This week we are seeing the largest turnover in the ownership of American corporations since the Great Depression.
We know who the people (and institutions) that are selling undervalued stocks are. They are people who are panicking, and people who have no choice because the stocks they are selling are their only source of cash to pay their debts on losses in mortgage-related securities.
But who is buying? Every sale requires a buyer. I don't have the best vantage point, but it sure looks to me like it is mainly petroleum cash coming into the market. I don't mean commodities investors fleeing the popping oil bubble (which I first wrote about back in Oil Bubble to Burst, on March 11, 2008). I mean the actual oil producers, mainly Arab nations, that have accumulated vast amounts of dollars (and Euros) that had not yet been invested.
Back in the 1980's we worried that the Japanese would end up owning the United States. They bought into U.S corporations, but mainly they bought land and buildings. In the short run they created a mini-bubble and got hurt, but those that kept their American real estate did well long-term.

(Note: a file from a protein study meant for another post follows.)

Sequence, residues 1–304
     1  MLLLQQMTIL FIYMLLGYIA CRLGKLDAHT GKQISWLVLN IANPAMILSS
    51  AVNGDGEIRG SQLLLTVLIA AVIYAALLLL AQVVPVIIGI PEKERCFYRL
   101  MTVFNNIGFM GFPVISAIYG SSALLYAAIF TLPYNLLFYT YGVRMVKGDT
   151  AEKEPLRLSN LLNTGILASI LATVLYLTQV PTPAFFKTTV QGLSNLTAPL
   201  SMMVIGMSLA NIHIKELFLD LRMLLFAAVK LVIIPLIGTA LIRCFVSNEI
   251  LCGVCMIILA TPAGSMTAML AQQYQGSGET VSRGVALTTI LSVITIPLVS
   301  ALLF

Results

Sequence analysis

Do I care that Arabs are going to own substantial portions of America's economy? No, it is part of the global economy. Only a few decades ago U.S. corporations owned much of Arabian oil production. The Arabs are not just lucky to have a lot of oil. They have worked hard, for decades, to develop their production capacity and their financial knowledge. They know the oil will run out eventually, so they are investing much of their returns, rather than spending them (not that they don't have plenty to spend, too).
Americans, as a whole, have been way too busy spending money and way too careless about making it. I think most Americans work reasonably hard, they just don't worry about the future enough to be bothered to save or invest. Some of us save, but we are more than balanced by the spendthrifts.
Today it looks like the future belongs to the Arabs, and maybe the Indians and Chinese. These United States of America are probably good for a comeback, but only if we create an economy that is not dependent on giving credit to spendthrifts to keep going.